December being the last month of the year surges in me a blend of happiness and sadness.Happiness because I get to celebrate my birthday,christmas and 31st night.Sadness because ,well that is what I've tried to pen down:
They say, “change is the only constant ”. However, when this change is quite sudden and unwelcoming then it leaves one amazed. About life and its uncertainty there is only very little to speak.
My grandfather, a man in his early eighties, like everybody’s grandfather was so terribly old that he could not have turned older. What was unlikely was that he never looked so old-with few wrinkles, few grey hairs, concealing his age. Yet his “gravity ruled our hands”. At an early age life for him was no less than a struggle, which I gather, taught him to be a hero in the strife!
He was like a father to his four brothers. He was a rail employee and with immense pain and labour, he had managed to build a beautiful house in a small village in the outskirts of Durgapur. (It was only around last year that we left this house and came over to our place, here in Bidhannagar for reasons pertaining to my studies.)
He was like the farmer nursing the curling leaves of the newly grown grape vines-so loving ,ever caring-his presence was all warmth .Whenever he was around I felt positive vibes gripping me, eroding all gloom. My summer evenings went by gently and happily sitting in the veranda and taking grammar lessons from him. My brother (cousin) and I never bothered to learn much but loved his fervor to teach us. We remember how he would resort to his old fat favourite grammar book by P.K. De Sarkar and would deny looking at the modern versions of British English. And he would remark”grammar-er abar ki change re?” .Though antiquated yet genuine was something that added a feather to his hat. I have heard from my father that he had been a brilliant student .And the love he bore for learning showed up even in his old age.
As the senior most person of the house, he never stopped worrying for the younger ones-be it my father (who is quite old to take care of himself!) or my brother or me. Whenever my brother would be late from his tuitions grandpa’s restless heart would not let him stay at home. He went and sat by the national highway (just beside our village home) waiting eagerly for brother to return.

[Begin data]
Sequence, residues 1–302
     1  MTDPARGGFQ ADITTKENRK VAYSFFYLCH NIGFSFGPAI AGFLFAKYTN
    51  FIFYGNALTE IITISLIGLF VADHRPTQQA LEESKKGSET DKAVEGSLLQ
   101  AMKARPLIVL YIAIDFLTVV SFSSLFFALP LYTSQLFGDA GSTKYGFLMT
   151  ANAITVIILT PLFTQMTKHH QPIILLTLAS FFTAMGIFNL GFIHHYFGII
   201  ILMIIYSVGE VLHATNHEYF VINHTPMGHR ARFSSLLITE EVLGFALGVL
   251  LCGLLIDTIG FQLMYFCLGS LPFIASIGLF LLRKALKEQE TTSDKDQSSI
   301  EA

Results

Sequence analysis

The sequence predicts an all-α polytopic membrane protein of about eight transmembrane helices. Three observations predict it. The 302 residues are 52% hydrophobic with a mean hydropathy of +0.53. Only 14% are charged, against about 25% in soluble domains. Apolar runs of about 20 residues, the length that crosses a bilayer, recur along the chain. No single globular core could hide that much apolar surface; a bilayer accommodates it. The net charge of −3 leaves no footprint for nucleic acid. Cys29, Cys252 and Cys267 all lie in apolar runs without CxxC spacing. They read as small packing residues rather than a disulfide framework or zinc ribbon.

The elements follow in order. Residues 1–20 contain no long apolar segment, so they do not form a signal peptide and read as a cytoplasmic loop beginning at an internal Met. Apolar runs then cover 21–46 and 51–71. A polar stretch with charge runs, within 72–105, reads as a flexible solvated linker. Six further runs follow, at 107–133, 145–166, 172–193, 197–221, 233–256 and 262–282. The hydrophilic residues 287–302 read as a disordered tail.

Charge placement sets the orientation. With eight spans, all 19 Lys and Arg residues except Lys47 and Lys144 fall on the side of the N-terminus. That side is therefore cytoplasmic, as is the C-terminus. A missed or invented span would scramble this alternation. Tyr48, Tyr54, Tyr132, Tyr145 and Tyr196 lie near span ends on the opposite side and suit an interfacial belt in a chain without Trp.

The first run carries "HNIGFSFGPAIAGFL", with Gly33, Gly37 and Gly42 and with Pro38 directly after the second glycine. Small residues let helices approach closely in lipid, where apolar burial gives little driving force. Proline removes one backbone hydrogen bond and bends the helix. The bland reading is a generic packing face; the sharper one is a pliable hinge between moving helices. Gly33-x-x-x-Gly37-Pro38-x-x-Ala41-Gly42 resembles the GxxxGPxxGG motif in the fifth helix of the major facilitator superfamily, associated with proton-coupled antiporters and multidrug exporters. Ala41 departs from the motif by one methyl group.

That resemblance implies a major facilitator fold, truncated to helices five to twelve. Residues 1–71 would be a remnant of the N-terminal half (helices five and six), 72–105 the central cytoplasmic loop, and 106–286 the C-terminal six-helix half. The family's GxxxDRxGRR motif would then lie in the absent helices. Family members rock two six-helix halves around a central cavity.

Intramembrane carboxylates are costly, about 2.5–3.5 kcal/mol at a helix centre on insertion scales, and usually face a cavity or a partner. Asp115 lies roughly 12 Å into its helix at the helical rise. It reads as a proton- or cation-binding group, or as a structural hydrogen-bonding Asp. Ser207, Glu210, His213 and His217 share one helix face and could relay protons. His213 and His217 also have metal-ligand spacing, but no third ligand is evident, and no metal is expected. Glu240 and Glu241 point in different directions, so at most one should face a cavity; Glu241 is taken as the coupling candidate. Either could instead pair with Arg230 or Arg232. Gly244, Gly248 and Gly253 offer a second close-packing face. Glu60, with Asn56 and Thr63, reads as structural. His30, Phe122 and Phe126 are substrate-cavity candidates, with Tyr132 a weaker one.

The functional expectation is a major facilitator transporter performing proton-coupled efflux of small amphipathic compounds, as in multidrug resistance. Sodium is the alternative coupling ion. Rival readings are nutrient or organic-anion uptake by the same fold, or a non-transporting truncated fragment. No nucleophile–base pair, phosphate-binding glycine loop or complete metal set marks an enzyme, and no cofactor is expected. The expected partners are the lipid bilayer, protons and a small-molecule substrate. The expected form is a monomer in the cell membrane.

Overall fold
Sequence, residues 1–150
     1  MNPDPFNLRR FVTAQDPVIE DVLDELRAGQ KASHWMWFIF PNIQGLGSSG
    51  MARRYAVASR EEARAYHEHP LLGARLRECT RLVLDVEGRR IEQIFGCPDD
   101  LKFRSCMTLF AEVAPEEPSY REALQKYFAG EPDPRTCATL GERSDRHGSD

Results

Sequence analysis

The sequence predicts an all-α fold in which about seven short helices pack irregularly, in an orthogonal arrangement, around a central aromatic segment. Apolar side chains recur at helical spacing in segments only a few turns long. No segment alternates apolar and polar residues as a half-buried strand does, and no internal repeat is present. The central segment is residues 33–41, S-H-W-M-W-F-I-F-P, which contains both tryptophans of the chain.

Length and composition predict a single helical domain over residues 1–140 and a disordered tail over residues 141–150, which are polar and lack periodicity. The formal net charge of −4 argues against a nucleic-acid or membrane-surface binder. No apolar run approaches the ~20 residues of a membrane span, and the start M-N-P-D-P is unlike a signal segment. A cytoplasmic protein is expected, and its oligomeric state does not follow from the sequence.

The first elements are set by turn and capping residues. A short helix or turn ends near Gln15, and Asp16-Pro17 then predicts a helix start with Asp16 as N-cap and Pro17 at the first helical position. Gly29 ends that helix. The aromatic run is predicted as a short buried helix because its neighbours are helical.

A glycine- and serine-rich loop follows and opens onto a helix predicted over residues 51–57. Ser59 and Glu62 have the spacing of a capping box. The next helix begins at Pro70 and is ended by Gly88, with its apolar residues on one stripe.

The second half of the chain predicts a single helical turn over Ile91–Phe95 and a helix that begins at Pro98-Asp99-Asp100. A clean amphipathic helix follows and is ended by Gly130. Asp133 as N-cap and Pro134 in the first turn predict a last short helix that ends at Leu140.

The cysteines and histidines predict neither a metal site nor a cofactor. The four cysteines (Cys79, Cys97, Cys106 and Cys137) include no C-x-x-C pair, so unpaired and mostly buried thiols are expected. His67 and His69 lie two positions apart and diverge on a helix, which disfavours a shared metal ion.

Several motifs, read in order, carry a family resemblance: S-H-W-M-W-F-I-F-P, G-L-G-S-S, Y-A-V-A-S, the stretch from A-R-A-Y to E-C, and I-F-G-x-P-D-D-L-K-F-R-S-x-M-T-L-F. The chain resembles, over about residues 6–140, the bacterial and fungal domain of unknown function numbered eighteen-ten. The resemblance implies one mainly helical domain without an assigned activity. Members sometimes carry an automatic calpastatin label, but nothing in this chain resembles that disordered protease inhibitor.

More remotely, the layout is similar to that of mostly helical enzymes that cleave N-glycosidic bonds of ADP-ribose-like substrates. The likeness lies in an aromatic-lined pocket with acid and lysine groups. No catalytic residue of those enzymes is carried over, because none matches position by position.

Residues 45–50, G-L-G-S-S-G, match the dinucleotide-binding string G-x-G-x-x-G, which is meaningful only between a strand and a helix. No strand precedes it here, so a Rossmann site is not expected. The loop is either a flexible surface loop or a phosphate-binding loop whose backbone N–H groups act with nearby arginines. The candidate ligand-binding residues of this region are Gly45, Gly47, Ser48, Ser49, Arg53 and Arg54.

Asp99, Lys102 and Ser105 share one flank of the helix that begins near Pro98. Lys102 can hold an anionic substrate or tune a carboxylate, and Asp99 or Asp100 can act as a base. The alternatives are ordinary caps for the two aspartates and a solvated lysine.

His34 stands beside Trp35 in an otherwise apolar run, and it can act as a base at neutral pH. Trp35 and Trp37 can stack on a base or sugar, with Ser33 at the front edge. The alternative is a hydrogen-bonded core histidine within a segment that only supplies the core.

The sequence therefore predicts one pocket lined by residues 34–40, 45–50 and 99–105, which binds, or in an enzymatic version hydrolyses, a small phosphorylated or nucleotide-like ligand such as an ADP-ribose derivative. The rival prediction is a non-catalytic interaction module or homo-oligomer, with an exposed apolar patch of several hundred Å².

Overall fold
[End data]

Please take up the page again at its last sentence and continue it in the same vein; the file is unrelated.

“empty roads seem longer and darker
Even more silent your empty room
The evening sun did set but…
It did not rise with you again.
‘ I dream I am at the ghat of the only world
Today it’s only me and me alone…
No old hands to hold ,no time to look back
The bed is laid for me
Now all I want is rest in peace.’ “
Now that he is not amongst us, I can feel how vast the void is. Christmas is near with no bells, no cherries, no stars, no cakes, no mirth and no grandpa… he didn’t like my mother wearing salwar. That day when my mother was dressed in one I was about to tell her “grandfather is not going to like it.” All silences silenced for I realized there was no grandfather! His death makes me realize once again that we are humans who must die, but should not live like cowards-“cowards die many times before their death, the valiant never taste of death but once.”
It’s only when we truly know and understand that we have limited time on earth-and that we have no way of knowing when our time is up-that we will begin to live life each day to the fullest
As if it was the only one we had.
December kind of knocks me asking :' Did you live each day to the fullest ;not partying or idling but making life more meaningful?' ...Did I?